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College Students: Eating Disorders

Recovery and Help

Starting and attending college can be some of the most fun a young adult will have, with numerous memories being made each semester, however, it can be very challenging for someone with an eating disorder. Sudden independence, the stress of on-campus dining and having to eat independently without home cooked meals, various social pressures and peer pressure, and not knowing how or where to seek help can contribute to increased struggles with any type of easting disorder on a college campus. Paying attention to warning signs, normalizing food and exercise behaviors to healthfully fit a college lifestyle, and seeking support and help are vital to managing an eating disorder. Recovery is possible, even while you are in college.

Opening Up and Getting Help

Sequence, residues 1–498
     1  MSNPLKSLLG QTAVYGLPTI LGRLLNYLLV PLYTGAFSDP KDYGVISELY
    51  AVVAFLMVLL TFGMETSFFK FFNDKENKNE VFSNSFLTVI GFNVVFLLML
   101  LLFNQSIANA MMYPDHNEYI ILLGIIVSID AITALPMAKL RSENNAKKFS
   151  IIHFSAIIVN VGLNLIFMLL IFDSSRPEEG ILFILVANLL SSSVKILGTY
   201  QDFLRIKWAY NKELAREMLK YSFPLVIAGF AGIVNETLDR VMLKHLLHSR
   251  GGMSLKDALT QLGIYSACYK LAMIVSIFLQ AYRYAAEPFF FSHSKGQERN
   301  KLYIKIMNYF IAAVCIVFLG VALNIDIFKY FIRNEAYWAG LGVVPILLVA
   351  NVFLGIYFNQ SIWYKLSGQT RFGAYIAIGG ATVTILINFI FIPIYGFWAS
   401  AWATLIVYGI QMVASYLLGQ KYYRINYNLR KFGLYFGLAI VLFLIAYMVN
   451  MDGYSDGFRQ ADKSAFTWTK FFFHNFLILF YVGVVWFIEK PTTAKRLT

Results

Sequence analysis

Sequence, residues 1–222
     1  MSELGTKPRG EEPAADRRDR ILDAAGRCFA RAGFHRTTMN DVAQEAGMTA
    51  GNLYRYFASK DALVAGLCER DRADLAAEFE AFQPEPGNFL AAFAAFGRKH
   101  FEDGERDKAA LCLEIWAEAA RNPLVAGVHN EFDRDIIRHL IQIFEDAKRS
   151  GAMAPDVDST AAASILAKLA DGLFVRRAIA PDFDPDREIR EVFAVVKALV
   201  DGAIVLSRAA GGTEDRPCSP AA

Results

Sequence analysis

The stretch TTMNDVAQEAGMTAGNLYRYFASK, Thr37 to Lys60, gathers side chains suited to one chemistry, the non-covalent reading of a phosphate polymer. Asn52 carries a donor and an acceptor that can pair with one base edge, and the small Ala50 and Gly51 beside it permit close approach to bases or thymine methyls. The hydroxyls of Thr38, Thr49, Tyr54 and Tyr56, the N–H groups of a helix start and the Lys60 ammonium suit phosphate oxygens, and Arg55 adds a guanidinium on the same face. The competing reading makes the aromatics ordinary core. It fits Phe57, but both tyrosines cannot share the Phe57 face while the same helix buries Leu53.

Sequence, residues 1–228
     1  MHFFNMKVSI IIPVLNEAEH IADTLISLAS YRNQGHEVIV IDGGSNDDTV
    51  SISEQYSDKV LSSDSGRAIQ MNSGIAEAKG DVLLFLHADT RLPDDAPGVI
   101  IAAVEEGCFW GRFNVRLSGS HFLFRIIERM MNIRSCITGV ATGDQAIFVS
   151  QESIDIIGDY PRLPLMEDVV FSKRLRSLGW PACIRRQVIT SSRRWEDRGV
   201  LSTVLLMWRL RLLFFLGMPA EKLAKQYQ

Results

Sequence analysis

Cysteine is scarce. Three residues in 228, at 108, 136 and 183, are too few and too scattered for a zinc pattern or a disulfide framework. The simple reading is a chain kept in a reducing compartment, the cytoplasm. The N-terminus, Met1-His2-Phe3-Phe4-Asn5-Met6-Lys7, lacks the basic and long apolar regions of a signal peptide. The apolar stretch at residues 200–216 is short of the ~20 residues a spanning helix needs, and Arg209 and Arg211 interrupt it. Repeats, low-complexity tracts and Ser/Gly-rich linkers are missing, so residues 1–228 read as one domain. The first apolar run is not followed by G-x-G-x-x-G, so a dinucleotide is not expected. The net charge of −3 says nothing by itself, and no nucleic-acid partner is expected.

Opening up to others, whether it's a friend, family member, or even a doctor, can be overwhelming and scary. feelings of embarrassment, scared of judgement, or not knowing what the other person may say can be hard. It's important to remember that there is nothing to be embarrassed over. Having an eating disorder is not your fault, and there is nothing to be ashamed of. The first step to recovery is to identify someone whom you trust and feel comfortable talking to. Family and friends can be a good option, but if you’re concerned about your eating behaviors, it is advisable to also speak with a professional counselor and/or nutritionist. Getting help from a professional who understands eating, weight, and body image issues can feel less threatening and more objective because they are familiar with situations like your own and you don't personally know them. Whether you choose to tell someone close to you first or go to a professional is up to you. There is no right or wrong choice, it's solely about what makes you feel more comfortable.